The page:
Merchant of Venice Mural for First Folio Theatre (Designer Angie Weber Miller)
This was a mural that I took the first week off in several years other than holidays to complete. I love to paint and a lot of what I do normally is never this detailed or large. We had just opened a show called Making God Laugh and were well into the build for Little Shop of Horrors which was a metal greenhouse, all of the puppets and several other strange items like an inflatable tongue. Those pictures are in a previous post. Angie Weber Miller is one of the first designers I met in Chicago and she worked at Chicago Scenic Studios at the time. Many years have passed. Yet, of all the things I can get lost in..painting is number one. In the week that I took off, Lauren and I broke up the full seven days into 3 days of layout and basing and 4 days of finishing. Lauren was there just to help me layout the image, and then she had to move onto other projects. Angie and I spent a fun afternoon basing out the 16′ by 30′ image with a warm yellow kilz in the basement of the Mansion out at First Folio.
Then came Monday. For three days Lauren and I silently laid out the image between and on the raised panels, transferring all points. I had chosen colors that would be a standard palette from Angie’s digital copy and we had a full array of latex Behr house paint from Home Depot. I love Behr because their binders and carriers are very good and will hold up for a while, and their pigments are always strong. Better yet..they cover well. This was not a job we could afford expensive scenic paint. I come from a different background from theatre and can definantly say there are many ways to skin a cat. It is important to understand materials, binders, carriers, and structural components so that you are able to substitute and be well aware what will hold up. This particular job only had to hold up for a couple of months on the outdoor playhouse, which was also rebuilt for this particular show.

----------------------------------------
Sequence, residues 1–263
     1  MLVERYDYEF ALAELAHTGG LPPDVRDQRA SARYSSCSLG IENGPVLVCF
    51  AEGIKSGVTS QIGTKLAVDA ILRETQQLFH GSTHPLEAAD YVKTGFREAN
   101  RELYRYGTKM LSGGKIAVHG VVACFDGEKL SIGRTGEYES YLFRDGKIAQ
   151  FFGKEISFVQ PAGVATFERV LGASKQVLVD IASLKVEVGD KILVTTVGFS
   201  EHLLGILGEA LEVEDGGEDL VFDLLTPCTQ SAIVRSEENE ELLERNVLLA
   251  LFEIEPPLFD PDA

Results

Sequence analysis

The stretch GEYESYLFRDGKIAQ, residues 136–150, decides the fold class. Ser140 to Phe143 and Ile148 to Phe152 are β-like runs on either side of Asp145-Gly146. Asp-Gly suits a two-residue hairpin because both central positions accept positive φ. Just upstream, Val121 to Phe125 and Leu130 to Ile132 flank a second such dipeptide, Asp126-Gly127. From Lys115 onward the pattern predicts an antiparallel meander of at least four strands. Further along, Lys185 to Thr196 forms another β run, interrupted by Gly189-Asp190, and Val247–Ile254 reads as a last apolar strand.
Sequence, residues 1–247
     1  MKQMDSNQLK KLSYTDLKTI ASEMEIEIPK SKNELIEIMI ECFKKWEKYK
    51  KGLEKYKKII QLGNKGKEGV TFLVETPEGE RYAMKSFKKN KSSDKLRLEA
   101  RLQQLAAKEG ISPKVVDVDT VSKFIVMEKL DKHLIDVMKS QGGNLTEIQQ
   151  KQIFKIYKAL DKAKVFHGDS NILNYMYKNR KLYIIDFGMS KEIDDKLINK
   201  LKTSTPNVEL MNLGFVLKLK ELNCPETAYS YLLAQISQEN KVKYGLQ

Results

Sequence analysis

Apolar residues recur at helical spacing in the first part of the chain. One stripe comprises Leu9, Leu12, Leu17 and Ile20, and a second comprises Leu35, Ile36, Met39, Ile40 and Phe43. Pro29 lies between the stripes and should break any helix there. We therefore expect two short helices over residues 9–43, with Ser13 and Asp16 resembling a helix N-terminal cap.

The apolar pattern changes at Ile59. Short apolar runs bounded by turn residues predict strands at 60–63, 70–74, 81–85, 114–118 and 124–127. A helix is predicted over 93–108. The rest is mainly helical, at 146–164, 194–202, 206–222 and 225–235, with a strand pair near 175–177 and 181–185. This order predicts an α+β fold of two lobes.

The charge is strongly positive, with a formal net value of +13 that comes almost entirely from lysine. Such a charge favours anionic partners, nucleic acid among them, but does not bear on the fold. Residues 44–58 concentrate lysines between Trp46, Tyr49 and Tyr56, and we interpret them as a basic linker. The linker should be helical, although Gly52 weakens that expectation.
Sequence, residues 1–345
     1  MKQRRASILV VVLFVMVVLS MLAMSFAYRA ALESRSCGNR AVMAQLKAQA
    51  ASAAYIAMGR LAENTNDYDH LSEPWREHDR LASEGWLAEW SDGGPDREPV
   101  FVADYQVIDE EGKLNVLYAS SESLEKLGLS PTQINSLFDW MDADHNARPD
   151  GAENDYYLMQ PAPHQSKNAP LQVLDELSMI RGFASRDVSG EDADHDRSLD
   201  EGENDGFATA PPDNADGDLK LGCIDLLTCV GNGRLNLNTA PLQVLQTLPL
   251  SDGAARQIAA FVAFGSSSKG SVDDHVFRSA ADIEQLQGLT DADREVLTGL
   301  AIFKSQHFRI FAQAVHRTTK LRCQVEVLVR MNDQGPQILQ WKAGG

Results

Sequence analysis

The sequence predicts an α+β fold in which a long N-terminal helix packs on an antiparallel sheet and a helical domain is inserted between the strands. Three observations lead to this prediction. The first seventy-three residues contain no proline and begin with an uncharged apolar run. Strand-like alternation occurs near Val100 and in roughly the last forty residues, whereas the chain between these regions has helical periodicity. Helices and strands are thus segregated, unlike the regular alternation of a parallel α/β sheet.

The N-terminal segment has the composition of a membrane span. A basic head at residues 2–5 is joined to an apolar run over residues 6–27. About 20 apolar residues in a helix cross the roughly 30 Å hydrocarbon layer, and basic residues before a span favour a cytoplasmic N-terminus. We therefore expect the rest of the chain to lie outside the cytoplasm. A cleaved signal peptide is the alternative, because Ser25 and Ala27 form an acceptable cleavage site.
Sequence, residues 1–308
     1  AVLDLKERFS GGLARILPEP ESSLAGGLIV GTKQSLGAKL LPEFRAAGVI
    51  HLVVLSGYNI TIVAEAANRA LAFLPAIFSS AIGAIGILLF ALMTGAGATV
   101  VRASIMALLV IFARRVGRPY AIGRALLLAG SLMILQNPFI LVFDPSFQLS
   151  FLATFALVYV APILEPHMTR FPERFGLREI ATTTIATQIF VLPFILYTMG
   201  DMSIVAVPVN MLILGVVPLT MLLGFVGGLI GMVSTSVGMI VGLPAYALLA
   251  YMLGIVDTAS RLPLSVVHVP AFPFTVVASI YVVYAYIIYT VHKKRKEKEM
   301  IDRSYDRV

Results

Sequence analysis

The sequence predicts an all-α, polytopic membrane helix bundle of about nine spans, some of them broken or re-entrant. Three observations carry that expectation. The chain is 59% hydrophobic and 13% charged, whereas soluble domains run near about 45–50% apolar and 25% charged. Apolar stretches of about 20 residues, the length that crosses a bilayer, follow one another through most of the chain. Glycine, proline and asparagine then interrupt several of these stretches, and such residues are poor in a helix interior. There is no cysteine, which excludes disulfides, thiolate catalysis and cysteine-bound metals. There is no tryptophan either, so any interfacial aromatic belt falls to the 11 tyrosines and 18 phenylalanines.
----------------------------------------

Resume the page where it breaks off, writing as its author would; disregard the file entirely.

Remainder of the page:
We had to be aware of the historical value of the property we were painting in and how odor from paint and any messiness would be noticed by those that were responsible for the grounds. I have always had a reverence for historical buildings, and that was the second best part of the job other than working on something I love doing in absolute silence.
When you create and care about doing a good job, even when you know your limits, ego disappears. In day-to-day operations, I find it is easy to get caught up in caring too much, and in trying to control too much. In moments like these, when you are in love with what you are engaged in doing, it is difficult to even see if you are doing good work because you become the work. If you are conscientious there is a moment at the end, where you see it has all come together. It does not always work that way immediately, but this is one incidence where the environment and the artistic staff were so peaceful and such great people, the outcome and the process was a blessing to be a part of.
Door panels on ground with SR section
Thanks First Folio, David Rice and Alison Vesely, Angie Weber Miller for such a nice opportunity. The lighting design on the show was beautifully done by Michael McNamara and was truly transformative in the outdoor space. I prefer vacations like this.